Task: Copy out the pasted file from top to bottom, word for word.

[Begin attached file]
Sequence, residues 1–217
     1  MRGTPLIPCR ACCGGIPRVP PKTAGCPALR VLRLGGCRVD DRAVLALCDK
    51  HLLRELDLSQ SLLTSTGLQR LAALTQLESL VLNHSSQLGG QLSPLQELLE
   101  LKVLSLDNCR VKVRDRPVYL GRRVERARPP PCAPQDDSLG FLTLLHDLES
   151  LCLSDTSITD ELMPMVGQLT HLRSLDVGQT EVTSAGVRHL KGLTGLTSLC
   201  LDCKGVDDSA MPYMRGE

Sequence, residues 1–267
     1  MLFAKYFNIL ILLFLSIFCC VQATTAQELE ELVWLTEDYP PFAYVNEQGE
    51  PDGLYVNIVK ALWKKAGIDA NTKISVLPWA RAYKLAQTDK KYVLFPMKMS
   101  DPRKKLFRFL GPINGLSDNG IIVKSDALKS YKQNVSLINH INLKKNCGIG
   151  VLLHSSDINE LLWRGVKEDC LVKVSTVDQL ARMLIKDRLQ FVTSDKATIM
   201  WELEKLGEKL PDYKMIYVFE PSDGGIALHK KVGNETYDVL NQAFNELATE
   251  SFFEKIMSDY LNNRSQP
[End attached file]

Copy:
Sequence, residues 1–217
     1  MRGTPLIPCR ACCGGIPRVP PKTAGCPALR VLRLGGCRVD DRAVLALCDK
    51  HLLRELDLSQ SLLTSTGLQR LAALTQLESL VLNHSSQLGG QLSPLQELLE
   101  LKVLSLDNCR VKVRDRPVYL GRRVERARPP PCAPQDDSLG FLTLLHDLES
   151  LCLSDTSITD ELMPMVGQLT HLRSLDVGQT EVTSAGVRHL KGLTGLTSLC
   201  LDCKGVDDSA MPYMRGE

Sequence, residues 1–267
     1  MLFAKYFNIL ILLFLSIFCC VQATTAQELE ELVWLTEDYP PFAYVNEQGE
    51  PDGLYVNIVK ALWKKAGIDA NTKISVLPWA RAYKLAQTDK KYVLFPMKMS
   101  DPRKKLFRFL GPINGLSDNG IIVKSDALKS YKQNVSLINH INLKKNCGIG
   151  VLLHSSDINE LLWRGVKEDC LVKVSTVDQL ARMLIKDRLQ FVTSDKATIM
   201  WELEKLGEKL PDYKMIYVFE PSDGGIALHK KVGNETYDVL NQAFNELATE
   251  SFFEKIMSDY LNNRSQP